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Three Supplements Young Athletes Should Be Taking and What Supplements to Avoid

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Three Supplements Young Athletes Should Be Taking and What Supplements to Avoid

A well-balanced diet filled with plenty of protein, carbohydrates, fats, fruits and vegetables, along with 8-10 hours of sleep a night, is all your young athletes need to recover from the hard work they are doing each week and ensuring they are still making progress

When those foundations have been set and the habits are ingrained into everyday behaviour, that's when you can starting introducing supplements to aid and assist with recovery.

Suitable Supplements

1. Protein Powder

  • Protein powders are a handy tool to help get protein in quickly if you don't have time to prepare a full meal. A protein shake in the morning before school, after swimming, or on your way home from training can help tide you over before a proper meal. Using a protein shake as the milk for your cereal is a good way of adding some protein to a nutrient lacking meal. Bulk powders and nutrients which don't utilise the fancy advertising and flashy packages are a great choice to save money and sift out all the useless filler ingredients found in the bigger companies.

2. Creatine Monohydrate

  • Creatine has been shown to increase muscle mass and strength when combined with strength training after being taken for a prolonged period of time. Creatine can be found in red meat and seafood however, taking a creatine supplement is a objective way to know exactly how much you are getting daily. 5g of creatine each day is the recommended amount.

3. Vitamins

  • Vitamins like calcium, vitamin D and iron are important for athletes and young adolescents in general. Calcium and vitamin D is found in dairy products, dark green vegetables, fish and from the sun. These two supplements are especially important for bone density and muscle mass, which can help reduce the risk of injury of broken bones. Iron deficiency is a common problem amongst young females and some males and can be detrimental to endurance but also overall energy levels. Iron can be dosed with a supplement but is found in red meat as well.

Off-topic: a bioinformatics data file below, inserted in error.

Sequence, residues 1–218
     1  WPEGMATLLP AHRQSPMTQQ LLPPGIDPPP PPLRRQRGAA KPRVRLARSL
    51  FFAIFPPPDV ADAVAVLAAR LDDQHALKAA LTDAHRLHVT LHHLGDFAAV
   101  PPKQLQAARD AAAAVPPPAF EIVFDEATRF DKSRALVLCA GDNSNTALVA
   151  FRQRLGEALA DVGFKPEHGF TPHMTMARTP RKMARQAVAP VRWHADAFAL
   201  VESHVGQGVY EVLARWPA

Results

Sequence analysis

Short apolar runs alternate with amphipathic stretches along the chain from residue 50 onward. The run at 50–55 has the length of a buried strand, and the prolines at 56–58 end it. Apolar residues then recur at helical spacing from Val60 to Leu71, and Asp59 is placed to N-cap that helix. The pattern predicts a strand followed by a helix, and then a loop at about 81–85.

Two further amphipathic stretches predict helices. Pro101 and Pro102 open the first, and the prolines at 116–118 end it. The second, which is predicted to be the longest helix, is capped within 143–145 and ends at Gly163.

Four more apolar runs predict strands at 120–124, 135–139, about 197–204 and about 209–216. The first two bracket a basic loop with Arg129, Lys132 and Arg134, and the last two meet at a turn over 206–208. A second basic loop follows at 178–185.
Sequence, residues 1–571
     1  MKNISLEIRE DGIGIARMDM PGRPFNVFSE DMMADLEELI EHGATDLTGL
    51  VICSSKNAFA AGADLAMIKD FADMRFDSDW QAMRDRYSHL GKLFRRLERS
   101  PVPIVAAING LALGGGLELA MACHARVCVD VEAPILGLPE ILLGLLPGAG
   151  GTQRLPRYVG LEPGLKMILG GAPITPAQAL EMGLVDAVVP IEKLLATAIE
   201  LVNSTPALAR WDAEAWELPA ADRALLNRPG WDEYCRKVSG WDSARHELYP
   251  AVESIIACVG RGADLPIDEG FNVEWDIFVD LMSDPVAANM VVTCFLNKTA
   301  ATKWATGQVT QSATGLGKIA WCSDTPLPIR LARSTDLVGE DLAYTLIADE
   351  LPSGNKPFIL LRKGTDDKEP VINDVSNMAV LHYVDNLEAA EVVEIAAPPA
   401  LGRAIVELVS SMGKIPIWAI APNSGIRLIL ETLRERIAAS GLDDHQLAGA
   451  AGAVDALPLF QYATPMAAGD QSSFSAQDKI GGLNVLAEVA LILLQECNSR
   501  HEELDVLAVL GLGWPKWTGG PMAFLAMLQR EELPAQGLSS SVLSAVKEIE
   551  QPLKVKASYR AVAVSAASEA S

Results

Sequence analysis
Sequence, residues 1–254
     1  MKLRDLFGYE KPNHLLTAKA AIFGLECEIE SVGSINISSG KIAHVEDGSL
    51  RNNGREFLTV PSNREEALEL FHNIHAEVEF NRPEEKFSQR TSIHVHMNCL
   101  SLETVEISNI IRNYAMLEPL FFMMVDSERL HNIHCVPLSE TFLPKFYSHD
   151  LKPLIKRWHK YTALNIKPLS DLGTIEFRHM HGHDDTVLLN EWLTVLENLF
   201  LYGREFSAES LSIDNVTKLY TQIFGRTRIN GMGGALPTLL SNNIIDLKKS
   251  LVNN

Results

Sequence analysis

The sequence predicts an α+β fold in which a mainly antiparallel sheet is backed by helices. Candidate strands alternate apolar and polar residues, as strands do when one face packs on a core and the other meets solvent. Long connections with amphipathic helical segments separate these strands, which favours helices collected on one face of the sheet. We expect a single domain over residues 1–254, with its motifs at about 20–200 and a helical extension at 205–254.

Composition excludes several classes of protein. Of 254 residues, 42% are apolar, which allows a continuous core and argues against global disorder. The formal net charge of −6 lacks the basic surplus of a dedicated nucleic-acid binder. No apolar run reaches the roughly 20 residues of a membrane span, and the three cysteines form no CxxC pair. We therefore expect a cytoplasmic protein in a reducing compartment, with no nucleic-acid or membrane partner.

Supplements to Avoid

1. BCAA's

  • There is very little evidence that suggests that branch chain amino acids (BCAA) contribute and assist in building muscle. If you are eating around 1.6g of protein per kilo of body weight you'll be getting all the protein you need to be building muscle each week.

2. Fat Burners

  • If something sounds too good to be true then it probably is. If it was as easy as taking a couple pills to lose weight, then we wouldn't be having an obesity epidemic! These products are just scam to get you spending your hard-earned money and looking for people who want to find the easy way out. Regular exercising and eating in a sensible calorie deficit each week will allow you to lose weight over the long term. As young teens avoid getting caught up into the weight loss pressures as this can affect your mental wellbeing.

3. Pre Workout

  • Avoid relying on a pre workout drink as you're only motivation for a good training session. You don't won't to get stuck in the cycle where you need the caffeine and stimulant effect to get you through the sessions. This is only going to lead to you becoming too dependent on caffeine rather than sleep and good food. Most of the pre workouts are underdosed with the ingredients anyway and it's the placebo effect that leaves you feeling full of energy.

If you need help and guidance to improve your overall sports performance, get in touch with us.

Matt Hucul
Junior Strength Coach
Inner Athlete (AUS)

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